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Why Do We Mourn?

by Rabbi Yehudah Prero
Guest contributor: Rabbi Aryeh Winter

We see in the Shulchan Aruch, Orech Chayim 751 that during the three week period between the fast of the 17th of Tamuz and the fast of the 9th of Av, we are supposed to reduce our rejoicing. This law is derived from the Gemora in the tractate of Ta'anis (26b) which states that "When Av enters, we are to lessen our rejoicing." During these "Three Weeks" we do not have weddings, we do not take haircuts, and we do not listen to music. During the time between the beginning of the month of Av and the fast on the 9th, we do not eat meat, drink wine, and for many purposes, one may not bathe. (For exact application of these laws, please consult your Halachik authority. -YP) These are some of the examples of the signs of mourning that we demonstrate during this period of time. If we take a step back from our actions, and think about what we are or are not doing we should ask ourselves "Why are we doing this, what are we to learn from this?"

The answer lies in what role Jerusalem and the Temple play in our lives.

We see in the Medrash a quote from Reb Levi: "All good blessings and consolations that the Almighty is destined to give to the Jewish people come only from Zion." The Rabbis in the Gemora have described for us what it means not to dwell in the Holy Land when they wrote that "one who dwells outside of Israel is compared to one who has no G-d." Reading these passages and others like it, one can only imagine the devastating spiritual toll the destruction of the Temple and Jerusalem has had on the nation of Israel. Yet, often it appears that we have lost that yearning for the arrival of Moshiach and our return to a rebuilt Jerusalem and Temple. When a Rabbi concludes his sermon with the words "may we all merit to be in Jerusalem next year" and we answer "Amen," do we at that time really feel the loss of our Temple and holiest city? Do we feel all too comfortable living in America or anywhere in exile, even with the knowledge that there are people who are still persecuted because they are Jewish? The Rambam (Maimonides) writes in his Mishnah Torah (Chap. 11 - Laws of Kings) that "one who is aware of the suffering in exile and does not eagerly await the redemption, denies belief in the redemption." Any complacency on our part is tantamount to giving up on our future.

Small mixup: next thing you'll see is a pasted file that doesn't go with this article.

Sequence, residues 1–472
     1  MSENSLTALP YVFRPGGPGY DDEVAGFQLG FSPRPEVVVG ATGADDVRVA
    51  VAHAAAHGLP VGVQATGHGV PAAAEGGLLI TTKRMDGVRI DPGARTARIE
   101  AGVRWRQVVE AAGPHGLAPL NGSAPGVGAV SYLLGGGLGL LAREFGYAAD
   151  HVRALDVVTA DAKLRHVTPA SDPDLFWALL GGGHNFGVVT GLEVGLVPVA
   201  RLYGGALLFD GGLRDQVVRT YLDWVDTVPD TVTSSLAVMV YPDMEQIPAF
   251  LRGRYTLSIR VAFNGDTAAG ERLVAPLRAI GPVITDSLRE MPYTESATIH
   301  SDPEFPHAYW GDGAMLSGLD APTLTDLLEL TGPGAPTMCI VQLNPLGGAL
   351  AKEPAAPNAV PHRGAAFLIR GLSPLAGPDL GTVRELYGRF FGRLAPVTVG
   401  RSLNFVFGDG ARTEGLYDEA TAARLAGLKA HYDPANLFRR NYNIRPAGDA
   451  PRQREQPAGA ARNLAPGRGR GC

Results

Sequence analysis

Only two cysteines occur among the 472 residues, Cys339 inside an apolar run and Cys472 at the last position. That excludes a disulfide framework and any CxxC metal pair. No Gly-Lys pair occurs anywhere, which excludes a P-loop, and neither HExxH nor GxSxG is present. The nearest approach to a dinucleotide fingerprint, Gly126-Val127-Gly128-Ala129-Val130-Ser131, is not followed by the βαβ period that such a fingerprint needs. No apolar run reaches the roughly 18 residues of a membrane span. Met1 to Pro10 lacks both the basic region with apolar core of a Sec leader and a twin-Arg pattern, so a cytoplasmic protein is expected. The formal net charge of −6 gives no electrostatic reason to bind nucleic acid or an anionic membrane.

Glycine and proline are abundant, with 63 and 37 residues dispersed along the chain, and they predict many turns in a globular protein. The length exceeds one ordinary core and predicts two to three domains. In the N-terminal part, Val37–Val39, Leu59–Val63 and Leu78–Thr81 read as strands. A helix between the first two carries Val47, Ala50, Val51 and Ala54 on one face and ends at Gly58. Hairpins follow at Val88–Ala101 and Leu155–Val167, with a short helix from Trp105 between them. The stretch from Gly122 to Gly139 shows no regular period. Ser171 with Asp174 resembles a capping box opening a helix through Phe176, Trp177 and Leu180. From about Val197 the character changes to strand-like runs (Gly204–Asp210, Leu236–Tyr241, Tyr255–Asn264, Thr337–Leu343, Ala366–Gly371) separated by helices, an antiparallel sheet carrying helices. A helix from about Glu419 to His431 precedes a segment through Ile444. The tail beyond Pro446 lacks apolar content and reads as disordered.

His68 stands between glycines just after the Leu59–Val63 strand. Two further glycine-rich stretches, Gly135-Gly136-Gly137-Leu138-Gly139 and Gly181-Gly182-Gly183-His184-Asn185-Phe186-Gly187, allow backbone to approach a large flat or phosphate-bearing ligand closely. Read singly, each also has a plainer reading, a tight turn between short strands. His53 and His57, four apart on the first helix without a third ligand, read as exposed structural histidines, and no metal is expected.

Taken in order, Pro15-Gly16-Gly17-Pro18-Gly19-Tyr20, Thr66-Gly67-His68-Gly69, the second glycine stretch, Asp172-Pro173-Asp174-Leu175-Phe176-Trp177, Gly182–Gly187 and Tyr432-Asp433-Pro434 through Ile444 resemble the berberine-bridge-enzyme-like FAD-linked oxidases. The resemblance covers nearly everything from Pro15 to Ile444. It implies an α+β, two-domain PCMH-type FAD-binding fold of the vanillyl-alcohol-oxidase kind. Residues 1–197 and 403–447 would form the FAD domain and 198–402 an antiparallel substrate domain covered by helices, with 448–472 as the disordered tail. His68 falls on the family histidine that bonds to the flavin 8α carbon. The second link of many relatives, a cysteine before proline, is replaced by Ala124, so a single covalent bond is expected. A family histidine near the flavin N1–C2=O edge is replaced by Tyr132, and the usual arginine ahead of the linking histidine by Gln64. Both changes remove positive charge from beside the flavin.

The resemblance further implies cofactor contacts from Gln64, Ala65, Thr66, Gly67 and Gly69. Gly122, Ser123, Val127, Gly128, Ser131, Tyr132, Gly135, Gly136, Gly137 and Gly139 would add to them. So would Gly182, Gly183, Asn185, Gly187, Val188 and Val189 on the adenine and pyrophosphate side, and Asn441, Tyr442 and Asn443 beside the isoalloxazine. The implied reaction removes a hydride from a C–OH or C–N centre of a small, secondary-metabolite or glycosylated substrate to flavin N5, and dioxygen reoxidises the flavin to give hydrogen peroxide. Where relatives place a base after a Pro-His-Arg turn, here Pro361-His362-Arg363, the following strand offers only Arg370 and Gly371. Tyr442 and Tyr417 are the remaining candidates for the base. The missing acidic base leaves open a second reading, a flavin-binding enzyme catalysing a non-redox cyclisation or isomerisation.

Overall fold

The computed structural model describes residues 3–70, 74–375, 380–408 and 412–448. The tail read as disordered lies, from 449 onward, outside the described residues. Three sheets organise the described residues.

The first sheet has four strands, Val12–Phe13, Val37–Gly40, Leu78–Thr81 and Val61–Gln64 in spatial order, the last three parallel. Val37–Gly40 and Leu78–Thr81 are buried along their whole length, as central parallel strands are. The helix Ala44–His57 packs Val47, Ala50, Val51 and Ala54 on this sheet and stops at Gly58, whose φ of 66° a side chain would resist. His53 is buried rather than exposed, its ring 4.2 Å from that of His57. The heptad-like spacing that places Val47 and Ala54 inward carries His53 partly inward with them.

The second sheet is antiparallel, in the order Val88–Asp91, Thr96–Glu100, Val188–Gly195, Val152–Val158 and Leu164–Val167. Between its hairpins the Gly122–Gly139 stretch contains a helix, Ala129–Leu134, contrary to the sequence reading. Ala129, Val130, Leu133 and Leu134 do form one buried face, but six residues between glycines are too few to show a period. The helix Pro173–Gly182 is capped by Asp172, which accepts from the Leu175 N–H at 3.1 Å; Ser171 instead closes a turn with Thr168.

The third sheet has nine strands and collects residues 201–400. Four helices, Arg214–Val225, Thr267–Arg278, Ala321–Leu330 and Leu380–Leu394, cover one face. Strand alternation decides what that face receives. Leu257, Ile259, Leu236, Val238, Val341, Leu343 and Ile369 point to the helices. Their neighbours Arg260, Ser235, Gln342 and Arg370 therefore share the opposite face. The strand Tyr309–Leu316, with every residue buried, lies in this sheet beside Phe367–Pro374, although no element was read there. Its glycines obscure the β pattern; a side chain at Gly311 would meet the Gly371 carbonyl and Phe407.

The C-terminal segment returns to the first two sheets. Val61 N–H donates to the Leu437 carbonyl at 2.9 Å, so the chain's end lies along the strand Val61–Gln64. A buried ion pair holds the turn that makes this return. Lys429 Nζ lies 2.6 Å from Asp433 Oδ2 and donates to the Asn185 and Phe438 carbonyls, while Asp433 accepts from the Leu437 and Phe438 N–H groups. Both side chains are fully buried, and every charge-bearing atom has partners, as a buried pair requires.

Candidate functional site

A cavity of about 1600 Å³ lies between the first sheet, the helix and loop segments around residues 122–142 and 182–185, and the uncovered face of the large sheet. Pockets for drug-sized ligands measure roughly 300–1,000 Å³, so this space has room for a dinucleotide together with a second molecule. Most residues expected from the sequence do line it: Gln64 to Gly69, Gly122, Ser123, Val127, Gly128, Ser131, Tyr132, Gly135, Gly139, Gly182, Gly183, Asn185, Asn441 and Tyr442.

So what are we to do? The laws of mourning observed during the "Three Weeks" are not meant solely as a demonstration of mourning for a destruction and exile that occurred 2000 years ago. This period of time is supposed to remind us that we, as individuals and as a nation, are not complete as long as there are Jews who are scattered all over the world in exile. We have to internalize this exile and the effect it is to have on us. However, the process does not end here. We also have to try and understand what led to this terrible destruction, and how we can better ourselves so that we can merit being brought out of this exile that our evil deeds led us to in the first place. Only a stronger commitment to the Torah and our religion will bring the redemption. Rabbi Yonason Eibshitz, (1690-1764) wrote that the verse "And the land will be filled with the knowledge of G-d as the waters cover the sea" is a prerequisite to the coming of Moshiach and our eventual redemption. This surely increases our duties in the area of our responsibility to hasten the arrival of our redemption.

We have been assigned a task: to do what we can to hasten our redemption. May we all merit to be inspired by the solemnity of these Three Weeks, to realize the totality of the loss we have suffered, and to act on all of these feeling, so that we can be returned to a rebuilt Jerusalem and Temple speedily, in our days.

We now know why we fast. May we merit to all take this lesson to heart, and see the Temple rebuilt speedily, in our days.

Check out all of the posts on The Three Weeks: 17 Tammuz - 9 Av Mourning the Destruction. Head over to to access the YomTov Page. Then click on the icon for the holiday of your choice.

For questions, comments, and topic requests, please write to Rabbi Yehudah Prero.



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